She is not the only one attracted by the wallpaper. She caught both John and Jennie (his sister) analyzing it. Therefore, it presents interest to the outsiders, too. At a certain point the yellow wallpaper emanates a yellow smell which is perceived only by her, it is moving round and round and gets her dizzy. Her hypersensitiveness is emphasized here, especially the fact that the smell is coloured –yellow. This colour symbolizes paleness, illness, being the best way to indicate her condition. She is aware of her hypersensitiveness and puts it on the account of her nervous breakdown, unlike her husband who takes it as lack of control.
Loneliness and exclusion from society leads to insanity. The use of imagery and settings help illustrate this. Through the figures she sees in the wallpaper it can be inferred that she is really analyzing herself and her illness unconsciously.
According to Freud, writing liberates one’s mind from all tensions and what is being repressed takes the form of literature. Gilman’s woman wants to write but she’s unable (she is a female, a wife, a mother). The only way of escaping reality is by keeping a diary but she has to be sneaky about her writing, otherwise John will find out: “And I know John would think it absurd. But I must say what I feel and think in some way –it is such a relief!” This shows how just being a woman was difficult to have a career.
The figures from the wallpaper correspond to the façade of the patriarchal text. What she wants to do is to destroy this existing text and create her own. Through creation and imagination she will find her way to freedom. Thus, the wallpaper tums into a kind of palimpsest. The irony is that the pre-existing one will not vanish completely but always remain in shadow.
Because of the “prison” she is in, she starts seeing things in the yellow wallpaper. First, she sees only eyes, then everything takes shape and becomes a woman behind bars. She has the feeling of being watched all the time. The transition from a dead wallpaper to an animated one can be easily noticed. It is a sign that her disease is getting worse. The bars symbolize the division between men and women and how women are being held back. The woman behind bars represents her double. The bars that she shakes stand for her motherhood and marriage; her freedom would be her independence from John. In the end she rips off as much of the wallpaper as she can, to liberate the woman behind, but symbolically, to liberate herself.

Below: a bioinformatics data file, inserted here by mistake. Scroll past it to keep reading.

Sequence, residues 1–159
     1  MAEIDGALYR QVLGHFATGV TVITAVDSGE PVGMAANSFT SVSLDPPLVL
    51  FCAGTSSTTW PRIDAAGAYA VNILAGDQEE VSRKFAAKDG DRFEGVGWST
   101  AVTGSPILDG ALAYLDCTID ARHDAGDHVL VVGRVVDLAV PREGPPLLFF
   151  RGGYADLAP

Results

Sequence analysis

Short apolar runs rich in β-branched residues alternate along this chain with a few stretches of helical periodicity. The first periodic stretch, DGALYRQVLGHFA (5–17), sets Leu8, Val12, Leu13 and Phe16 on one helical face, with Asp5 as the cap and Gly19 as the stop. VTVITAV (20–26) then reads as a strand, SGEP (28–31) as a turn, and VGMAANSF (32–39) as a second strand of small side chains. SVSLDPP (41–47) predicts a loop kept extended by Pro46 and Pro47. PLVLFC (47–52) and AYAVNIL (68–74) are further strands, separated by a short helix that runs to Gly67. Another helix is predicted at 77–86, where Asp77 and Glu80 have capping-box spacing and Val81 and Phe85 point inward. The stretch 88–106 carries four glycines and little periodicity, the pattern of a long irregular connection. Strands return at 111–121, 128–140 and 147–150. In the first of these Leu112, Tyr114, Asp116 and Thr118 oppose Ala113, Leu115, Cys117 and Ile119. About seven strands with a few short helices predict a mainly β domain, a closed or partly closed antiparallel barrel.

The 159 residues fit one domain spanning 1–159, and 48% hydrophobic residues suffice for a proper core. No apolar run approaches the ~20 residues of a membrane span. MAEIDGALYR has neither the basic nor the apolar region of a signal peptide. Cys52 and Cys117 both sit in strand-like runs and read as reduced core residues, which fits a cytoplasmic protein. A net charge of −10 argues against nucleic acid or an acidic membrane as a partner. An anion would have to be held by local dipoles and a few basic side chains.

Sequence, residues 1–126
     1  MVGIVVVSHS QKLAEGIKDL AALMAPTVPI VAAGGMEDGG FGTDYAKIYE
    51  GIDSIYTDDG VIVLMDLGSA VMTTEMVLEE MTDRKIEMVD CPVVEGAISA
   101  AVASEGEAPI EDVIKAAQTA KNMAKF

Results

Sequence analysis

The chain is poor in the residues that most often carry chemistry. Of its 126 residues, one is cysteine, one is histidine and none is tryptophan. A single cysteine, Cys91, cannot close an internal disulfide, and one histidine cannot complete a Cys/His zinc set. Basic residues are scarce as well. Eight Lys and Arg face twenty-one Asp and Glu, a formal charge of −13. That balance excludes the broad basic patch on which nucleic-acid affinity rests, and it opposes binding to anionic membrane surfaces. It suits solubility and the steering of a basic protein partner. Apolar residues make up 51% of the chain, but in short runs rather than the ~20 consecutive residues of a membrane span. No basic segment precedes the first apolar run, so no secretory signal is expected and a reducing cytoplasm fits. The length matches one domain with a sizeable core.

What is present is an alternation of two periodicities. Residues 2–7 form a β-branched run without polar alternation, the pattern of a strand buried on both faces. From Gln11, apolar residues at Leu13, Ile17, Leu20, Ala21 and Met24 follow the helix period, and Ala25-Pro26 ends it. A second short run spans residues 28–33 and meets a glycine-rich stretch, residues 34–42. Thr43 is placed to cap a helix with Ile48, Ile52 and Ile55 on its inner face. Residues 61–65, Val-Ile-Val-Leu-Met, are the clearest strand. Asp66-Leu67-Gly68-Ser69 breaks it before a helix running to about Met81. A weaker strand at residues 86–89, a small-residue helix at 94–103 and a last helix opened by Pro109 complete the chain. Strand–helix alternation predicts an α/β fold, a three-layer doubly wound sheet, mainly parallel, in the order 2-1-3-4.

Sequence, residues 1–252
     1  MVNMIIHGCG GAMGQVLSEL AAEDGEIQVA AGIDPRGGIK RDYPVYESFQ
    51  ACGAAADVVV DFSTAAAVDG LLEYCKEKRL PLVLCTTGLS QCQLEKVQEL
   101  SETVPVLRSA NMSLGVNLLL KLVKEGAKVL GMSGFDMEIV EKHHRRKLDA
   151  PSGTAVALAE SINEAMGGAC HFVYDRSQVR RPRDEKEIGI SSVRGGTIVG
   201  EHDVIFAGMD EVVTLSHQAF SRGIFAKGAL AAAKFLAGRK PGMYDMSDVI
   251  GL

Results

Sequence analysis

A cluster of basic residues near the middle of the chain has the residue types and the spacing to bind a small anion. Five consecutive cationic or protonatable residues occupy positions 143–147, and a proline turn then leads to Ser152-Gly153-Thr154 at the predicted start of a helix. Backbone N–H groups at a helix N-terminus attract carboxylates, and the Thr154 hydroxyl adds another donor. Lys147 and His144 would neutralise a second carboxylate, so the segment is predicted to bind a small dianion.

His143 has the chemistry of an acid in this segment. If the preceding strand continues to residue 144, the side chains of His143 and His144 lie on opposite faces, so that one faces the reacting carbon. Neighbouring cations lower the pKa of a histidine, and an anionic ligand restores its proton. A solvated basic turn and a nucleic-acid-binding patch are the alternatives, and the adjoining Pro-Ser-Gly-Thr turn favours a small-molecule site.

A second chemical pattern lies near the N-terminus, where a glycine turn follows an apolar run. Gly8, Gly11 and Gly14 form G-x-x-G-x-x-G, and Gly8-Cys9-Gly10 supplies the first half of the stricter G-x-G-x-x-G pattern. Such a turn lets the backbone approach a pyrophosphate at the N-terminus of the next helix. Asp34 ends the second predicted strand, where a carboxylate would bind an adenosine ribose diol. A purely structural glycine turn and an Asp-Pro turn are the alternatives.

The story is a depiction of the plight of women’s suffrage and the beginning of the rise of feminism, as well as a reflection of Gilman’s own life and experience. Her final cry “I’ve got out at last, in spite of you and Jane! And I’ve pulled off most of the paper so you can’t put me back!” stands for the discovery of feminism by society. Here, the society is represented by John and Jennie and when the wallpaper is down, the figures are out and, consequently, feminism is also out.
The verb “to creep” is mentioned at least seven times along the story. It is a key-word and its significance is relevant: “I saw her in the long shaded lane, creeping up and down. I see her in those dark grape arbors, creeping all around the garden. I see her on the long road under the trees, creeping along, and when a carriage comes she hides under the blackberry vines.” It is symbolic for the difficult and full of obstacles rise of feminism. This act of creeping is usually done during the night (representative of females’ fear to be discovered) but as the narrator pens, the woman behind the bars does it during the daylight, having no fear (she wants to break up all patriarchal patterns): “I know, for she is always creeping, and most women do not creep by daylight.”; “I don’t blame her a bit. It must be very humiliating to be caught creeping by daylight!”
The final sentence: “Now why should that man have fainted? But he did, and right across my path by the wall, so that I had to creep over him every time.” are representative for the women’s struggle for their independence and identity and that nothing will interpose in their “path”.
A significant issue of the story is that the main character is not given a name. Therefore, she is every woman, she can be taken as an archetype. Through her voice, every woman’s voice can be heard, her fight is every woman’s fight, and, finally, her victory is every woman’s victory.
All in all, it was a successful experience and my students found out new things about the concept of feminism from another point of view, unlike what they studied at history or sociology, –a literary one. They also enjoyed listening to the story and making additional research to the short video I presented to them.
1. Gilman, Charlotte Perkins, The Yellow Wallpaper, Penguin Books, 2015
2. Woolf, Virginia, A Room of One’s Own, Penguin Books, 2014
3. The Basic Writings of Sigmund Freud, Modern Library, 1995
6. Ciubotariu, Daniela (2021). Literature during the English Classes (Part I). In: EDICT- Education Review, No. 8/2021. Online: edict.ro/literature-during-the-english-classes-part-i/